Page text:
- Historic Sites
“We Are All Descended From Grandfathers!”
and… …a glimpse at the grandfathers of the candidates exhibits the wonderful diversity of American life
June 1964 | Volume 15, Issue 4
Into this powerful and successful family of coal kings and railroad presidents, William Walker Scranton, grandfather of the present governor of Pennsylvania, was born on April 4, 1844. Growing tall and robust, he was sent to Phillips Academy at Andover, Massachusetts, and then to Yale, where he became a famous oarsman and graduated in 1865. In two years he was superintendent of one of the family’s mills, and after his father’s death (in 1872) he operated the whole complex of Scranton interests: collieries, ironworks, a bank, the gas and water works. When American railroads began to turn from domestic iron rails to the superior steel ones imported from Europe, Scranton went abroad and took lowly employment in the guise of a “puddler” in the mills of Britain and Germany. He came back an exact master of the new Bessemer process; after a struggle with his more conservative business associates, Lackawanna Iron & Coal became Lackawanna Iron & Steel.
He was as tough as his product; in his late thirties he could heft 2,000 pounds dead weight, before witnesses. And he was a hard steel master in other ways; consider his reaction, for example, to union demands, as recounted with carefree syntax in Frederick L. Hitchcock’s History of Scranton and Its People:
During labor troubles … in 1871 [he] led to and from the mines daily a party of non-striking miners; he leading an escort of a body of miners from the mines homeward, was attacked by a mob, and in self-defense two of the rioters were killed. During the railroad riots of 1877, when the works of the Lackawanna Iron and Coal Company and the shops of the Delaware, Lackawanna & Western Railroad Company were attacked by three thousand rioters, with an armed party he met the mob, who were dispersed in a few minutes, but not before three of their leaders were killed. The leaders of the striking element caused the arrest and trial of Mr. Scranton and his party on the charge of manslaughter, but they were acquitted, with the thanks of the court for their action in quelling the riot.… He is a strong level headed man of affairs, but the finer side of his nature responds to every [charitable or civic] appeal or demand made upon it.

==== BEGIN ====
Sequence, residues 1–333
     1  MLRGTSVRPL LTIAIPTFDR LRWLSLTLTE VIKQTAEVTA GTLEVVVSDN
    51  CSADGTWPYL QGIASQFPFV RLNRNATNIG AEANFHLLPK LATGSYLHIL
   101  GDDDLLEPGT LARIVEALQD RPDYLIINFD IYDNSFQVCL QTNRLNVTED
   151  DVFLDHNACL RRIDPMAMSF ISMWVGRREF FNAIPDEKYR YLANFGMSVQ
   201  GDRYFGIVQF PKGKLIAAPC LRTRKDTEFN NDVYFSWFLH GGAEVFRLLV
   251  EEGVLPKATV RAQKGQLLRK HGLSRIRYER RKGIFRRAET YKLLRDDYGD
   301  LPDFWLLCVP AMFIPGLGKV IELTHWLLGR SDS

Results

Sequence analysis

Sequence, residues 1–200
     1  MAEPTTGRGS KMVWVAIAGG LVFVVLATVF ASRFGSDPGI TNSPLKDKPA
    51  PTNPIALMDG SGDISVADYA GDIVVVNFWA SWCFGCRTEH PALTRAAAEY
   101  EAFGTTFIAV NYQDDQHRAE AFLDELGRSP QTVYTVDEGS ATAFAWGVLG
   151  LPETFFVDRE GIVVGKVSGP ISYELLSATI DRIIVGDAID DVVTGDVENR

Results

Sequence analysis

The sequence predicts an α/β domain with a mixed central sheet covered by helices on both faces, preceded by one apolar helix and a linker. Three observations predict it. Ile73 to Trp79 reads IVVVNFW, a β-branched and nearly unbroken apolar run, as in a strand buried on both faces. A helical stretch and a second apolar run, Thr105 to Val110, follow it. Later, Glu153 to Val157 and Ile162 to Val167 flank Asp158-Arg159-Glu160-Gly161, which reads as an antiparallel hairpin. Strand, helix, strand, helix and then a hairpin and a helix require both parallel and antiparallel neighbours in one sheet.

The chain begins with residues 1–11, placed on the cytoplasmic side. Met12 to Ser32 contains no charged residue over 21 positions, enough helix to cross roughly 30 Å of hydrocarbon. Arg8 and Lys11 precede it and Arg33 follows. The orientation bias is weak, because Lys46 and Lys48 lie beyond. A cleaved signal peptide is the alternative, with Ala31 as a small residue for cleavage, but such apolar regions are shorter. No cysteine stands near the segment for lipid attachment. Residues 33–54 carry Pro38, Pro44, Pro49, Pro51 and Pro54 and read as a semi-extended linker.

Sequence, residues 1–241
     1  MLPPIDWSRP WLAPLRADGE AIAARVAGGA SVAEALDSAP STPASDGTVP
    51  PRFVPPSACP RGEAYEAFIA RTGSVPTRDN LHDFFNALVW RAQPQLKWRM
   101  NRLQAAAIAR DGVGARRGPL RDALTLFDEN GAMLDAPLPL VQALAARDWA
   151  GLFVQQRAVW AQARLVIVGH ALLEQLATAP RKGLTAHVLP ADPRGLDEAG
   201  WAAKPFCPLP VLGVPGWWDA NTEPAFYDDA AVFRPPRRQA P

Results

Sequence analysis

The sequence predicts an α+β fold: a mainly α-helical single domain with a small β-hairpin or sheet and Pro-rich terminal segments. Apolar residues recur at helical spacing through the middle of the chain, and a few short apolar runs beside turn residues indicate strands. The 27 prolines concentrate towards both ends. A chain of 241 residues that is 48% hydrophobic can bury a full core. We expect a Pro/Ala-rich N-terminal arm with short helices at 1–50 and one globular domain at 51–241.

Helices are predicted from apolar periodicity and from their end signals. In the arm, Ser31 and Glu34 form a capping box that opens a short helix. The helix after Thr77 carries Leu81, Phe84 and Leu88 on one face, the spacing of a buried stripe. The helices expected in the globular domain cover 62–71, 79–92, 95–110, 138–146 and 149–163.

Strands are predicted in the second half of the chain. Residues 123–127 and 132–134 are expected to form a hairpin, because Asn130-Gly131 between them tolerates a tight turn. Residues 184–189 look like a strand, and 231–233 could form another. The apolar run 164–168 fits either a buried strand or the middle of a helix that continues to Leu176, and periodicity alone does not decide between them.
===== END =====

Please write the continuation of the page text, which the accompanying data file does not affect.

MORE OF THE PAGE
There speaks the nineteenth century, albeit his biographer was writing in 1914. Two years later, honest, successful, and richer than ever, the first citizen of Scranton died. It turned out that he only slightly predeceased most of the things he stood for. Even the anthracite veins ran thin just about the time that America, tired of stoking coal furnaces, turned to the product of another of our seven grandfathers.
He fills the bookshelves, until there is almost nothing new left to say about him. He gave away dimes, wore funny golf hats, looked (in his later years) like a mummy, and lived from the age of Horatio Alger to the almost diametrically opposed one of Franklin Roosevelt. He was the richest man the world had ever seen, but he taught in Sunday schools and rode to work on the El. From his great oil fortune there came, in his ninety-eight years of life, over half a billion in splendidly planned and executed philanthropies, and from the father and the son together there had proceeded by 1955, according to one guess, the staggering sum of two and one-half billion dollars.
A few of his offers were turned down as “tainted money,” and to many reformers and muckrakers he was the most heartless, grasping villain in history, but he outlived those controversies. The passage of time lends respectability to large sums, however acquired, and so does the fact that John Davison Rockefeller performed a vital service in the economic history of the United States, for he showed the way to industrial organization and mass marketing.
The man whose name became a household word was born on a farm at Richford, New York, on July 8, 1839. In Cleveland, to which the family moved, young John entered a commission merchants’ firm at $3.50 a week. In a few years he was in business for himself. When the oil fields opened in Pennsylvania, Rockefeller and some partners built a little refinery in 1863. Oil-producing was a chaotic industry, all dog-eat-dog competition, quick profits, and waves of bankruptcies. Young Rockefeller, the newcomer, hated waste and disorder—and the rest is history. By 1877—when he was thirty-eight—by dint of infinite patience and skill in organizing, buying, maneuvering, and joining forces with other able men, he had come to dominate the shipping, refining, and selling of oil in the United States; before long his kerosene cans also spread through Africa, Asia, and South America. The famous, or infamous, Standard Oil “trust” was devised in 1881–82.